# Nuclei

## Idea

Recall that frames are dual to locales, and locales are kinds of spaces. So, if you adopt locales as models for spaces, then your models for subspaces are quotient frames. However, much as a quotient set can be described by an equivalence relation on the original set, so a quotient frame may be described by an appropriate structure on the original frame. That structure is a nucleus.

Thus, nuclei correspond to sublocales.

## Definitions

Let $L$ be a frame, that is a suplattice satisfying the infinite distributivity law.

A nucleus on $L$ is a function $j\colon L \to L$ that satisfies the following identities:

1. $j(a \wedge b) = j(a) \wedge j(b)$,
2. $a \leq j(a)$,
3. $j(j(a)) \leq j(a)$.

In other words, a nucleus on $L$ is a meet-preserving monad on $L$.

Note that the following properties of a nucleus might be included in the definition, but they follow from the above:

1. $j(\top) = \top$,
2. $j(a) \leq j(b)$ if $a \leq b$,
3. $j(j(a)) = j(a)$.

## The subset of closed elements

Let $L$ be a frame.

As a nucleus $j$ on $L$ (being a monad on a poset) is a kind of Moore closure, we say that an element $a$ of $L$ is $j$-closed if $j(a) = a$. (But note that this has nothing to do with the closed subspaces of the locale $L$.)

We may equivalently define a nucleus on $L$ to be a subset $J$ of $L$ that satisfies certain conditions, namely these identities:

1. $\bigwedge A \in J$ whenever $A \subseteq J$ (using that $L$ is a complete lattice),
2. $a \Rightarrow b \in J$ whenever $b \in J$ (using that $L$ is a Heyting algebra).

Then we recover $j\colon L \to L$ by

$j(a) \coloneqq \bigwedge \{ b\colon L \;|\; b \in J,\; a \leq b \}$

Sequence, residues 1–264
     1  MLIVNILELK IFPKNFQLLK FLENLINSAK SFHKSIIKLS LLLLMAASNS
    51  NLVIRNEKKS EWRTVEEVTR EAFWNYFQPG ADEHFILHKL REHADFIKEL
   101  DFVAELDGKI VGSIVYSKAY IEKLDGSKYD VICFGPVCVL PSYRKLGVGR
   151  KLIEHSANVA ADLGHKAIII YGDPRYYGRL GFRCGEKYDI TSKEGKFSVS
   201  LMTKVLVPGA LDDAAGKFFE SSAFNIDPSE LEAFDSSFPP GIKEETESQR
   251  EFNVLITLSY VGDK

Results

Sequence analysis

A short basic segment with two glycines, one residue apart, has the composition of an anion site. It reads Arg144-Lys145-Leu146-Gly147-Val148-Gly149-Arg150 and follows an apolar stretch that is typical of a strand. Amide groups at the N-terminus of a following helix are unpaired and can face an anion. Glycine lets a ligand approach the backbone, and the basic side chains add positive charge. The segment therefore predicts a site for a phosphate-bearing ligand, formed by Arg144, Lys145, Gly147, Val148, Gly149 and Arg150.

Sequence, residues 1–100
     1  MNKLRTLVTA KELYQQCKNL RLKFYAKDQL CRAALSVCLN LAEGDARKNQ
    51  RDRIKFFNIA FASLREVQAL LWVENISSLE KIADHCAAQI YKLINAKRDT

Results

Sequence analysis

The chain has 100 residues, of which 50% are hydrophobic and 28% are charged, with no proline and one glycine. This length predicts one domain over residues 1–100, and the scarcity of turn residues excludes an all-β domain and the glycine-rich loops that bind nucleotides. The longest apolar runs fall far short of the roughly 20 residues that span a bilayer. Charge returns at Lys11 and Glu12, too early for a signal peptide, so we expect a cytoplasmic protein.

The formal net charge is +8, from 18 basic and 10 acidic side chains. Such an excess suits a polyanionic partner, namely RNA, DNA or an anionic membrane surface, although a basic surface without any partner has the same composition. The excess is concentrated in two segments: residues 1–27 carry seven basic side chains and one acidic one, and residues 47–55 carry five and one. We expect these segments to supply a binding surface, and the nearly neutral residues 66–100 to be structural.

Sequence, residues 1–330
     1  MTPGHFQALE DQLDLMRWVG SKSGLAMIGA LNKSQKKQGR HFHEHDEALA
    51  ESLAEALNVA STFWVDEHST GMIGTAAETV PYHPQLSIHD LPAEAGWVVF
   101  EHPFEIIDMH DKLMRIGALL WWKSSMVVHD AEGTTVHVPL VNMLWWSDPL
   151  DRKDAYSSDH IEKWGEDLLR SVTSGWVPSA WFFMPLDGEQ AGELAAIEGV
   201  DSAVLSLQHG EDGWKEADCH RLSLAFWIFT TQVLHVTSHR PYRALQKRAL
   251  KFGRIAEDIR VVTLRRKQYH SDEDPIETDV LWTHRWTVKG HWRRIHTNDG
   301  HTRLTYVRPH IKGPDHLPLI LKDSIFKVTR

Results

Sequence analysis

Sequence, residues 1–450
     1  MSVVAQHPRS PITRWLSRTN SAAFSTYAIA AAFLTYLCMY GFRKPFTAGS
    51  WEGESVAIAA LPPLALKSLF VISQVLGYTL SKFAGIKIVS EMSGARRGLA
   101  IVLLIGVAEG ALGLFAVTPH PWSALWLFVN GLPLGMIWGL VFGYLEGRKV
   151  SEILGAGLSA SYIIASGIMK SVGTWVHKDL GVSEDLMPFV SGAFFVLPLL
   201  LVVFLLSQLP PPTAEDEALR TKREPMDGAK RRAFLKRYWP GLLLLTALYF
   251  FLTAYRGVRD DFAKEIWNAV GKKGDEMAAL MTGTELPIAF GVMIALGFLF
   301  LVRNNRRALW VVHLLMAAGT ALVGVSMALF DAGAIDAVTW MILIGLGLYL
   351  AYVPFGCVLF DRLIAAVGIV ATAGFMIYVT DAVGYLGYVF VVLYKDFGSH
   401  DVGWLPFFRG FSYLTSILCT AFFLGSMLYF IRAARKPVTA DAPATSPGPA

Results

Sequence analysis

and we have

$J = \{ a \colon L \;|\; j(a) = a \} .$

Check all this, and expand on it if necessary.

This approach to nuclei is not appropriate in a predicative approach to topology, where we want to use large (but accessible) frames, which may not be meet-complete.

## Quotient frames and sublocales

Let $L$ be a frame, and let $j$ be a nucleus on $L$.

Let $L/j$ be the subset of $L$ consisting of the $j$-closed elements of $L$ (those elements $a$ such that $j(a) = a$). Note that, by property (3) above, we may interpret $j$ as a function $j^*\colon L \to L/j$, which is a surjective frame homomorphism. Since Frm is an algebraic category, this means that $L/j$ is a regular quotient of $L$.

Conversely, suppose that $M$ is any regular quotient of $L$; that is, we have a surjective frame homomorphism $k\colon L \to M$. Since $k$ is a frame homomorphism, it has (by the adjoint functor theorem) a right adjoint $k_*\colon M \to L$. Let $j\colon L \to L$ be the composite of $k$ followed by $k_*$. Then $j$ is a nucleus, and $k_*$ is an embedding (in Pos, not $Frm$) whose image is $L/j$.

In short, given a nucleus $j$, we have an adjunction $j^*\colon L \rightleftarrows L/j: j_*$, where $j^*$ is a surjective homomorphism and $j_*$ is the inclusion function; while, given a surjective homomorphism $k$, we have an adjunction $k\colon L \rightleftarrows M: k_*$, where $k_* \circ k$ is a nucleus and $k_*$ is an embedding.

If we think of $L$ as a locale, then we define a sublocale of $L$ to be a quotient frame of $L$, which corresponds to a nucleus on $L$ as above.

## Categorification

If you categorify from locales to toposes, then nuclei become Lawvere–Tierney topologies, and the operation of the nucleus becomes sheafification.

## References

Revised on July 2, 2010 23:25:06 by Toby Bartels (98.19.48.177)